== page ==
Ask a child what they want to do when they grow up, and prepare for raw, unbridled honesty.
The kind of child-like truthfulness that slices straight through your guarded adult exterior. The very same kind that makes you want to drop to one knee, look deeply into those genuine puppy-dog eyes, and assure the little guy that Santa is most definitely real.
Classic answers to your question include: professional athlete, police officer, firefighter, scientist…
After all, most would say that almost none of these innocent ambitions get fulfilled. You’ve probably met your fair share of wannabe astronauts-turned-accountants, or pilots-turned-packagers.
Not to say that your child self knows what’s best for good. Aspirations needn’t stay the same forever. They morph throughout your life, naturally.
Yet looking back at your former self, you might be mistaking naivety for raw, uncorrupted truth.
Want to know why children hold the key to a life of joy?
Children admit what excites them.
They purely and freely own up to their deepest ambitions and dreams. Their most burning desires, the restless thoughts that keep them tossing and turning awake at night.
When did you lose this insight? The ability to seek out a path that excites you?
What on earth could have made you lose your appetite for feeling alive?
Why you abandoned excitement
As we grow, we develop certain understandings of our purpose and position in the world. What it is to be an acceptable, successful person.
Much of this is based on one apparent truth:
To excel is to succeed.
That is, to be better than most is desirable. To rise above the rest is to succeed. Good job sonny Jim, you made it.
It doesn’t matter too much what we excel at, as long as we are really, really good at it.
With this reality we go forth spending years, decades, or even our entire lives in the pursuit of excellence.
Our paths are forged by what we excel at, or in many cases, what we are made to excel at; the expectations of our parents, teachers, or friends weighing down on us.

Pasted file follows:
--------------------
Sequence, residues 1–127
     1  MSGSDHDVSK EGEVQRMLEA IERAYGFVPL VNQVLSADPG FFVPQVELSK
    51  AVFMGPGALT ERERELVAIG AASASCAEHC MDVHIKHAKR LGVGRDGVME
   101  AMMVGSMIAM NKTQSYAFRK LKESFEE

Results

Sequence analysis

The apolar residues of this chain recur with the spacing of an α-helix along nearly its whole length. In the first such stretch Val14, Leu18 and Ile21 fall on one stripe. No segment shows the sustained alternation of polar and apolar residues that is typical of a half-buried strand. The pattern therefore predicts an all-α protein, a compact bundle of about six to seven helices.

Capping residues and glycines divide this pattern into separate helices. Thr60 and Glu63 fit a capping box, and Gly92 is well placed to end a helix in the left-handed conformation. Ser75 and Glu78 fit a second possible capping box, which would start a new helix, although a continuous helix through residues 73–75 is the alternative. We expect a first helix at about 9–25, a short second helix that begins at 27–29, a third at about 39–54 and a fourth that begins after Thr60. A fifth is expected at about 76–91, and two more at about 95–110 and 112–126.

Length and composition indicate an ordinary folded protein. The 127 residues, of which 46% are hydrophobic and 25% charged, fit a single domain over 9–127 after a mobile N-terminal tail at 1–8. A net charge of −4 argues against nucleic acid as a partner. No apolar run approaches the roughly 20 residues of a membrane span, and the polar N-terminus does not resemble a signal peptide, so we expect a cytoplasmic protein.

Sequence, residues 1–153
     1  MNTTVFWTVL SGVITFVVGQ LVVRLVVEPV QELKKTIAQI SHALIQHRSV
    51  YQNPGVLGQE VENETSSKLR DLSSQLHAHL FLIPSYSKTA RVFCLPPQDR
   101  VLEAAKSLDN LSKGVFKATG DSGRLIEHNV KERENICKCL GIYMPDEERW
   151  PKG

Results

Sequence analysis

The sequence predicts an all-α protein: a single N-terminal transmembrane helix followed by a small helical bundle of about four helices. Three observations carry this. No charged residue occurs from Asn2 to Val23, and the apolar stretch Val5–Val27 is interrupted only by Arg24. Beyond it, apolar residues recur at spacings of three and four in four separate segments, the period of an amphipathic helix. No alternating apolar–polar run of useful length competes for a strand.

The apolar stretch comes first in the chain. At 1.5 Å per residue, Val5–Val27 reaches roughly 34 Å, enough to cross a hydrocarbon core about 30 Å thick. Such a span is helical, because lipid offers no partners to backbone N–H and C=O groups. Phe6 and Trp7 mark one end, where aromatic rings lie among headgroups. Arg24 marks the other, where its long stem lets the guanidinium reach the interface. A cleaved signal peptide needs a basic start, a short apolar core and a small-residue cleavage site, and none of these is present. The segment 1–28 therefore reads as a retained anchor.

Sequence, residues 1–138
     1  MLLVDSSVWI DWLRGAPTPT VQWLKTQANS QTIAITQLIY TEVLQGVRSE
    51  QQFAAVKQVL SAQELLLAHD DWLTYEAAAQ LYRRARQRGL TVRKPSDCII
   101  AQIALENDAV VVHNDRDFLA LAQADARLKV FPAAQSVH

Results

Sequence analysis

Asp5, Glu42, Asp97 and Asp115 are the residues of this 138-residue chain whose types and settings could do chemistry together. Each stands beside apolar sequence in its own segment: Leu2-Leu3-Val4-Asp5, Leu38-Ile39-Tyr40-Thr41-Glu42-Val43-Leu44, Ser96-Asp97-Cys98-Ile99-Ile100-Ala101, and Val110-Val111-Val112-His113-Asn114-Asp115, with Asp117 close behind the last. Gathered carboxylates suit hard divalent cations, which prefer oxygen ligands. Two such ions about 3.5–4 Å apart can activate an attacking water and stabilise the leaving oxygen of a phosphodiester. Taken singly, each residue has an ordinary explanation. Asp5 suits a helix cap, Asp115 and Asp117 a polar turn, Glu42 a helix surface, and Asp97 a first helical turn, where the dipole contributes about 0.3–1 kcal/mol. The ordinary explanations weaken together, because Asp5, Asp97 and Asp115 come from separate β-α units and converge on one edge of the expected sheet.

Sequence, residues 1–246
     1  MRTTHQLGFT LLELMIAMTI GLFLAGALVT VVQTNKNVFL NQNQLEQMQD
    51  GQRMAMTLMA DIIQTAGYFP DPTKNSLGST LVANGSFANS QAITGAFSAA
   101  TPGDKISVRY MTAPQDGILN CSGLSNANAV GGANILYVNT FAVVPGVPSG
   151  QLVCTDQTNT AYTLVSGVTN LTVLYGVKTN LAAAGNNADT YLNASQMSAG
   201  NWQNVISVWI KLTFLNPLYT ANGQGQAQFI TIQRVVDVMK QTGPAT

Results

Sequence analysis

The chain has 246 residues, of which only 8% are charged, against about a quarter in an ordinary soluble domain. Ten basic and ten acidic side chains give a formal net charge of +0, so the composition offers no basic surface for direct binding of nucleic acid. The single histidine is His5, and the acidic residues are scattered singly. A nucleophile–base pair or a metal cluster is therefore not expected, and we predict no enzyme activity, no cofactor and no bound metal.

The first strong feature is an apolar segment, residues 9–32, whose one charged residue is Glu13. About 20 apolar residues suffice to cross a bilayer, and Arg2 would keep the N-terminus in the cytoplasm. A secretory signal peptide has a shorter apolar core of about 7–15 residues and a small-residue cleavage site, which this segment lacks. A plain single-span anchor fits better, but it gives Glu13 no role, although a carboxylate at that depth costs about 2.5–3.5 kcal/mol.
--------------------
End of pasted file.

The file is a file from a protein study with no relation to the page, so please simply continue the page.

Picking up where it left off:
Perhaps Michael Jackson truly did love to dance and sing. But it is just as likely he was bullied and coerced into being the very best at it from a young, vulnerable age.
So why is this lesson the reason we give up on a life of excitement and fulfillment?
It is not the pursuit of excellence itself that is the problem, it is the assumption that we make along with it:
We assume that the pursuit of excellence is the pursuit of happiness. One and the same.
Excellence does not equal happiness
Just because you excel at something, it doesn’t guarantee you enjoy doing it.
As we learn to excel, the obvious choice is to pursue what we are good at doing.
After all, everyone around us confirms and affirms our success and excellence; convincing us that to excel is to be happy.
Money is another factor that affirms this cycle. Generally speaking, the better you are at something, the more you will be paid for doing it. Why else would people remain in unfulfilling jobs with handsome salaries?
We confuse what we are good at, with that which we enjoy.
This is why being naturally skilled at something may be as much of a curse as it is a gift. You will be rewarded for your success, and you may never have the opportunity to discover pursuits that fulfill you; that excite you.
And the better you get at something, the more reason you will have to stick with it- after all, you already have the recipe for success.
What if there were a different route?
An alternative equation for excellence
Excellence is to pursue what you love doing.
No matter how incredible, mediocre, or outright awful you were at your chosen pursuit. Success would be found simply in doing what you love. Whatever floats your boat; whether it’s teaching children to ski, plugging data into a spreadsheet, or sharpening pencils.
Some will shudder at the thought of any of these, some will rejoice (believe it or not).
Imagine a world inhabited by people with lifestyles they genuinely enjoyed; their time invested into activities that brought them a sense of meaning, purpose and excitement.
If you’re doing something and it feels like you’re going through the motions, chances are there’s someone out there who legitimately enjoys doing it.
So why not let them do it?
It’s never too late to go after what excites you.
Bring back your inner child
It is time to look at life once again as that innocent child.
That child that owned up to their greatest joys in life, and wasn’t afraid to tell anyone that asked.
The first step is to admit your desires to yourself, and as start you tell others, they will quickly become your reality.
What excites you? What makes you feel the most alive? What makes you feel you wouldn’t trade your life for anyone’s?
Your adult self will kick back with a vengeance to these questions. It will most likely repel them with the cynical, jaded views of the world it has acquired over the years. Tell you every reason it just can’t happen; that it’s too late; that you’ll never make it.
At first the adult will probably be stronger, but don’t give up. The fight for your dreams is a fight worth fighting. Your child is in there somewhere, and that little child is dying to tell you what you’re looking for.